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If elected, Barack Obama might make history in more ways than one. He will be the country’s first black president, but also — perhaps as consequentially — could be its first transnational president.
Obama’s personal history defies categorization, which makes it so alluring. Born in Hawaii to a black Kenyan father and white Kansan mother and raised for a time in Indonesia, Obama embodies the crosscurrents of globalization and the remarkable dynamism of an American society open to people of talent from any background.
Obama tells his story to emphasize its quintessential American-ness, a tale of how an outsider — like so many before him — came to live the American dream. This is all to the good. But at times it’s a post-nationalism that comes to the fore.
His overseas tour — punctuated by his Berlin speech before 200,000 — showed him to be a potentially powerful American emissary to the world. It also suggested that Obama styles himself the world’s emissary to us — a discomfiting role for a would-be American president.
In Berlin, Obama called himself, unironically, a “citizen of the world.” The world, however, issues no passports, nor does it have citizens. The world in the way Citizen Obama imagines it — as a global community to which we all belong — doesn’t exist. Only backpacking hippies, devotees of the Davos World Economic Forum and U.N. bureaucrats speak this way.
Berlin at times sounded as much like Obama’s coming-out party as the candidate of a transnational progressivism — in which global norms are more important than sovereign nations — as his audition as commander-in-chief.
In Obama’s telling, a triumph of American arms and will during the Cold War was transmuted into a victory of a united world. He railed against “walls” of all kinds, even though walls are useful in dividing hostile communities (see, most recently, Israel and Iraq) and, in the form of borders, are the most basic stuff of nationhood. He addressed “people of the world” and told them “this is our moment, this is our time,” as if the impossibly disparate people of the world can ever have a common will.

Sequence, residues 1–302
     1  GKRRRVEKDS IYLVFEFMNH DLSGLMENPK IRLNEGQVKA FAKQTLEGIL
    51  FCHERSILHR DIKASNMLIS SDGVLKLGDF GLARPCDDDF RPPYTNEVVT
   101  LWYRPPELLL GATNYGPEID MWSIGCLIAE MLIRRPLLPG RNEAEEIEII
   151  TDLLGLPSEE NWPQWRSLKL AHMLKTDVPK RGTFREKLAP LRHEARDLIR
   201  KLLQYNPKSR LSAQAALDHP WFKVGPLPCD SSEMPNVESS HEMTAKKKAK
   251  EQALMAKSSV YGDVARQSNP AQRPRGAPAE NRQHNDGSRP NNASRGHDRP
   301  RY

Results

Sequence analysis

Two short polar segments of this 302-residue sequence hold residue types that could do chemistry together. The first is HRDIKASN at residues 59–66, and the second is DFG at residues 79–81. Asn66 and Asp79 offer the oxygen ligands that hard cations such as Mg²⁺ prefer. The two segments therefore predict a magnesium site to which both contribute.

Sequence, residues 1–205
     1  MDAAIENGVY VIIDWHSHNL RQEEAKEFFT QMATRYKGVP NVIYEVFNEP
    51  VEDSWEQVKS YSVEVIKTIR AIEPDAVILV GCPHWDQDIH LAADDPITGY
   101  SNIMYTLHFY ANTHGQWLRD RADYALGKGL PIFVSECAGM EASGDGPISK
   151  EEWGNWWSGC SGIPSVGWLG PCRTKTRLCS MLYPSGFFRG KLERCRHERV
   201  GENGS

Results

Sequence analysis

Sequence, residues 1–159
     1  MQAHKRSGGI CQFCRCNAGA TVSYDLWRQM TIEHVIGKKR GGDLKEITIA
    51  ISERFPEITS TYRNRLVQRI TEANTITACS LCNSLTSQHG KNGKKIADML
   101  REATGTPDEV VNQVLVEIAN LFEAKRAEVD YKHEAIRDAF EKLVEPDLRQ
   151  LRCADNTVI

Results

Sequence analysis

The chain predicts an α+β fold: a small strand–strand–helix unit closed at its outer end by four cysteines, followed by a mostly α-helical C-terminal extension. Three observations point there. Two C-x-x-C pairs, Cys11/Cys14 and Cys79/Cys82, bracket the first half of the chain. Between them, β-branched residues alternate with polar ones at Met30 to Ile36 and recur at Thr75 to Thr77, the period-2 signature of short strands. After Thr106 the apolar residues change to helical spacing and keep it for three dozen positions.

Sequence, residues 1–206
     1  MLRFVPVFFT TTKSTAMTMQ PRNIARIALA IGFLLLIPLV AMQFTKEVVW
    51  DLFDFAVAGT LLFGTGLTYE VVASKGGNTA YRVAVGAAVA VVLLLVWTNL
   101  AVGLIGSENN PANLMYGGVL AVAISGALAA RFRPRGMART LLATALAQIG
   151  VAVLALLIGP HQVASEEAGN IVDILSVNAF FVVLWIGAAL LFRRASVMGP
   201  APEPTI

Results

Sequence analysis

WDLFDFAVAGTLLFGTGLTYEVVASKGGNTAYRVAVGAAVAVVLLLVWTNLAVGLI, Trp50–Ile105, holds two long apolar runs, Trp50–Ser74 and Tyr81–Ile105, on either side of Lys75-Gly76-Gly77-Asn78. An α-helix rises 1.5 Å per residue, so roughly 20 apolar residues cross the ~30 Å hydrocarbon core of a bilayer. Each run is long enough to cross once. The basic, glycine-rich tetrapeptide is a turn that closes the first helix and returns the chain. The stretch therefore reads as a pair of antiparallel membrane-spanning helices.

Obama feels fit to speak for the world because of his background. Presidential candidates once relied on the myth of the log cabin to convey their connection to the common folks. Obama’s log cabin has gone global as a symbol of his oneness with the world’s majority.
This is why he brandishes his upbringing and family as a foreign-policy credential. In explaining why his foreign-policy experience outstrips that of long-serving officeholders who know foreign leaders, Obama said a few months ago, “When I speak about having lived in Indonesia for four years, having family that is impoverished in small villages in Africa — knowing the leaders is not important — what I know is the people.”
Transnational progressivism is closely allied to multiculturalism. Both share a hostility to American exceptionalism and seek to rein it in, by imposing global rules on the U.S. and by transcending its traditional culture (as defined by history, symbols and language). Obama, who for so long painfully sought an identity and initially found it in a black-nationalist church, clearly has affinities running in this direction.
Consider his gaffes: The world won’t stand for us driving and eating and air-conditioning our homes as we please. We should worry less about immigrants learning English and more about teaching our kids Spanish. Gun-owning, Bible-believing people in rural areas are bitter. The flag pin is an inadequate symbol of patriotism. When Obama briefly auditioned his own presidential seal, “e pluribus unum” got bumped.
These are all hints of Obama’s instincts, but he knows he has to check them. He has restored a flag pin to his lapel, ditched the fake seal and in Berlin was careful to declare himself also “a proud citizen of the United States” and defend America’s global leadership. He’d be wise to do more. In November, the world doesn’t have a vote
– Rich Lowry is the editor of National Review.
© 2008 by King Features Syndicate